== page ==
For people with more space and/or budget than me, why not get one if it isn't going to break the bank? In my lottery dreams I turn my current home into my sewing studio and I have a professional Statler model named Elvira sitting right about where I am now.

I see the wonderful things people do here in in shows and magazines and all that, and all I can do is admire their work and sometimes steal an idea or two. Some people can take any old thing and elevate it by their work. I'm mostly just trying to keep it all together in the wash! I have fairly high standards, so it isn't my workmanship but rather the art of quilting that I'm missing.
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Old 11-25-2019, 05:48 PM
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mjpencinitas - If you have made up your mind, i certainly dont wanna complicate your life, but...

Maybe you would be happy with a sitdown longarm instead... they dont take up near as much space as a standup machine. They cost about a quarter of what you might spend on a standup longarm.

Mine is not electronic, is easy to maintain and learn to use. I just basically sitdown and quilt - there are no feed dogs and i have a huge harp area and height. I love having a dedicated quilting machine and it - and the included table - fit perfectly into the extra bedroom that is now my Happy Place! Just a thought cuz there are more types of longarms than just the standup ones.

I only quilt for me and never wanted to make a business of quilting. If i invested in a standup longarm, i would feel compelled to get one with all the bells and whistles because i would feel like if i spent all that money then i better be prepared to make it pay for itself. I dont want that because for me that would take all the fun out of quilting - then it would be just another job. I quilt to unwind and relax and be creative.

I had done FMQ in my DSM for many years and pretty much decided that i didnt need a longarm (even though i wanted one). But... in consideration of retirement in a few years, i finally quit talking myself out of it because basically if i really wanted one it was now or never! I am so happy that i finally allowed myself to go ahead with the purchase!

I have had mine for a year now. FMQ is so much more fun now with more room! I also thought i would never have any interest in doing “ruler work”... boy was i wrong! After watching some really great videos on using rulers i could really get my head around the value of learning that skill and i am working to get better!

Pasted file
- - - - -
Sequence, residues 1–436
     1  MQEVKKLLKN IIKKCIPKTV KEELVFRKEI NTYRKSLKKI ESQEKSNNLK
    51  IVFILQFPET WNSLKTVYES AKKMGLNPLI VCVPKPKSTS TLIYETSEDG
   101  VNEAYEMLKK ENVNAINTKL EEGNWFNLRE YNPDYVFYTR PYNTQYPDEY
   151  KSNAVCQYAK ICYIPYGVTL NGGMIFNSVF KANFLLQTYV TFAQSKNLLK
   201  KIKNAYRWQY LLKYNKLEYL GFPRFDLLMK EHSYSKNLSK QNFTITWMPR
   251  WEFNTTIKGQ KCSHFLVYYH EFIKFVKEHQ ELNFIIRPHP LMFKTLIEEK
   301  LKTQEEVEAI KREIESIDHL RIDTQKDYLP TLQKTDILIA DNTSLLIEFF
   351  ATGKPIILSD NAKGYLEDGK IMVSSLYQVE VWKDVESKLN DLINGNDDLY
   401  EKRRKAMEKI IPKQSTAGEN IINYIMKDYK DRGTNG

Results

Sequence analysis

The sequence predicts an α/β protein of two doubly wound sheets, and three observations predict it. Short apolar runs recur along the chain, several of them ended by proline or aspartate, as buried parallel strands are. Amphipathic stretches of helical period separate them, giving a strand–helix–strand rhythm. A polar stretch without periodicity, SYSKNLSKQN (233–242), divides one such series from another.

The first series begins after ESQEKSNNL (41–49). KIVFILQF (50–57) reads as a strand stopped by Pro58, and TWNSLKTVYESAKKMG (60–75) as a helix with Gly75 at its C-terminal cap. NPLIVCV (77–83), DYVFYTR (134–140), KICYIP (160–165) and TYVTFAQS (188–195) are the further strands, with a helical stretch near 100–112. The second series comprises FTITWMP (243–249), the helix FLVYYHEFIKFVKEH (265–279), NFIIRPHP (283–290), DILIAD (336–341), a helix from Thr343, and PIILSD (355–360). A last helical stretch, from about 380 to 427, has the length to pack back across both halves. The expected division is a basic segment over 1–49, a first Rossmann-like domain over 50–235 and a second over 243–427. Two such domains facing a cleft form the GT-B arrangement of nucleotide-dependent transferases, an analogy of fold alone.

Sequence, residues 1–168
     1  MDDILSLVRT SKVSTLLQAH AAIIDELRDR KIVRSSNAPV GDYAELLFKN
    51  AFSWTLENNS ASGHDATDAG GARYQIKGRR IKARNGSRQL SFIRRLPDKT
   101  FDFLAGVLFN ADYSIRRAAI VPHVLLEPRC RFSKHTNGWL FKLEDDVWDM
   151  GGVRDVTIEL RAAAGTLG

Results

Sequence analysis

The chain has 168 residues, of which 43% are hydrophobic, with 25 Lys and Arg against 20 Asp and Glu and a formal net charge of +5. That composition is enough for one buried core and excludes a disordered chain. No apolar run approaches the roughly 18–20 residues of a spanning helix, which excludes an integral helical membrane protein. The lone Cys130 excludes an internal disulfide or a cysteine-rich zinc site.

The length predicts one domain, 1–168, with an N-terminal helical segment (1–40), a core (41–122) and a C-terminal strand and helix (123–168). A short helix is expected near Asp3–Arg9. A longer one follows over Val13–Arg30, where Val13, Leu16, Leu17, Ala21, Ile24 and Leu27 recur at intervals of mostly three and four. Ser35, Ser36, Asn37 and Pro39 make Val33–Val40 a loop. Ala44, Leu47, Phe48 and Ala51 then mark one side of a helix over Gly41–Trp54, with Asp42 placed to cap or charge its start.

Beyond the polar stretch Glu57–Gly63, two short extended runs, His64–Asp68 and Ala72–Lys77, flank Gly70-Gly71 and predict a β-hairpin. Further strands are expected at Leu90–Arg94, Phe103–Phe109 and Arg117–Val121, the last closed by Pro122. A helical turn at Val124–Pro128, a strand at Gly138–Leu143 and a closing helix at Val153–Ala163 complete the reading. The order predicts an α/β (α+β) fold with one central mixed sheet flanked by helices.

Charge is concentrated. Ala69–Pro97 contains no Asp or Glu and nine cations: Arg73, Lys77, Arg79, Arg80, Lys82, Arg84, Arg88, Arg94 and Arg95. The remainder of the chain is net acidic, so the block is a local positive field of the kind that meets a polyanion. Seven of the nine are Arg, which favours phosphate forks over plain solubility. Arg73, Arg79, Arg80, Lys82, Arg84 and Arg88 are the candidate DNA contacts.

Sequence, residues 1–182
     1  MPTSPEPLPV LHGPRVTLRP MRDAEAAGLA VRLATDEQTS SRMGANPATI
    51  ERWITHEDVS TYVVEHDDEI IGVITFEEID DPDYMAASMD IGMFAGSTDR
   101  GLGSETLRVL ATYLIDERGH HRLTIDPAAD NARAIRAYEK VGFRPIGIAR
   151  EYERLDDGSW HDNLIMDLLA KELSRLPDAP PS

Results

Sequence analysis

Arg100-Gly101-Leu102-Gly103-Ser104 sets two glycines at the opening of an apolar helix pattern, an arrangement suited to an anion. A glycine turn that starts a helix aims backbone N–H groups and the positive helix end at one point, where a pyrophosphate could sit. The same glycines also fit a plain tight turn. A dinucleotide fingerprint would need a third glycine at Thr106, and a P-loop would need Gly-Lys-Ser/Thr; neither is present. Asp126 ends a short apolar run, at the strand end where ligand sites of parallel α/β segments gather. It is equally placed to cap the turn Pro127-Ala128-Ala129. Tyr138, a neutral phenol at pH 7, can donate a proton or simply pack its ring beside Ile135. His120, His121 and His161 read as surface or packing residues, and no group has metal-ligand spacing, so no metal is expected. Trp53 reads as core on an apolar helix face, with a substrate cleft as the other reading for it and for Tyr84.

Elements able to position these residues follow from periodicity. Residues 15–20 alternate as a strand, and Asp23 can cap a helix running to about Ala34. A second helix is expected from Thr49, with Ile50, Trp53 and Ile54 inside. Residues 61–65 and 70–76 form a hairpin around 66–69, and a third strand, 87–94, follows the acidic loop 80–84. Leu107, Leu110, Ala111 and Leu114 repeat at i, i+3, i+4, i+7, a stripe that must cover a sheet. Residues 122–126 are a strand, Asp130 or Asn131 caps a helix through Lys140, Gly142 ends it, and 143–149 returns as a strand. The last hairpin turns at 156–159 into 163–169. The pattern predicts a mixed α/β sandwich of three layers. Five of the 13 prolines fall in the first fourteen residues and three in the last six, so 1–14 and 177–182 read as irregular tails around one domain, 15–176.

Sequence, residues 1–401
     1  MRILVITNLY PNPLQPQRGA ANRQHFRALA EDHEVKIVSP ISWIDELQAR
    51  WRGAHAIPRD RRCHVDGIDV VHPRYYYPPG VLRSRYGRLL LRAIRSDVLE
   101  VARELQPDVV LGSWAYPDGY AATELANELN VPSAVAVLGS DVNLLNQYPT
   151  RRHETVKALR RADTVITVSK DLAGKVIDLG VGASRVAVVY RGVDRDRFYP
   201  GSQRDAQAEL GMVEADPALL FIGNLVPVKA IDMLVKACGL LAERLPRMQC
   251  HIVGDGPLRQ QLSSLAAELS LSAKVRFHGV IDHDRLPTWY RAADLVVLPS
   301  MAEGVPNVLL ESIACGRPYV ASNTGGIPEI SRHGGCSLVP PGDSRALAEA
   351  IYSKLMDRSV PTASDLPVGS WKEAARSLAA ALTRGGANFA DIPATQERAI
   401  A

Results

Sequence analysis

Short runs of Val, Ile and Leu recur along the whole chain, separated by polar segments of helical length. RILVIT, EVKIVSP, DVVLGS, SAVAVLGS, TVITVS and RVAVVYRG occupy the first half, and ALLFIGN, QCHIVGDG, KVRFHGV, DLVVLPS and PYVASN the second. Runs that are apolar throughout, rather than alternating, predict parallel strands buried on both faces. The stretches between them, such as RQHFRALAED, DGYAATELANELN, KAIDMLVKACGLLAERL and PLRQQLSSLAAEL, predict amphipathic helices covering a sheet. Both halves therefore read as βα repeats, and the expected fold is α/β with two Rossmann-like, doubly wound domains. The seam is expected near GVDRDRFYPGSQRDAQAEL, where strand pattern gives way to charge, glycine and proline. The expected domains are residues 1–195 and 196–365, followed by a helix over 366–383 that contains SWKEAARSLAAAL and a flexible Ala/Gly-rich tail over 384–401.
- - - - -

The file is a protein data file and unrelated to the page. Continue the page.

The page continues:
Like i said, i dont want to make your life more complicated if you have already decided what is right for you. I respect that. I just want to make sure that you are aware of all of the options you might have available to you.
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Old 11-25-2019, 06:11 PM
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Oh there was a nice sit down set up on Craig's List today, still no room for it!

My modern Bernina 820 has a huge throat and I can happily and easily do a twin size -- and if it was in a table I'd consider a queen, but still not the same as the long arm. Unfortunately, Bernie needs a servicing and I am just not going back to my old vintage machine.

I think there is just a basic difference between moving the machine which I do better than moving the quilt, which many people do better than I do.

Edit/PS: You can have a long arm set up for chair height, one of my friends is set up that way. She says you quickly get used to involving your feet in the process but she likes to have really loud music on while quilting!
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Old 11-25-2019, 06:15 PM
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Oh yes, long arm quilting can be tiring. my friend's daughter did quilts for others and is such a perfectionist she ended up with serious neck trouble. she had me make tops for her and then sent those to others for completion when needing quilts for her friends. sad but hopefully she will be back quilting sometime soon.
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Old 11-25-2019, 06:17 PM
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Iceblossom - Mine measures 48” x 30” including the table... still too big?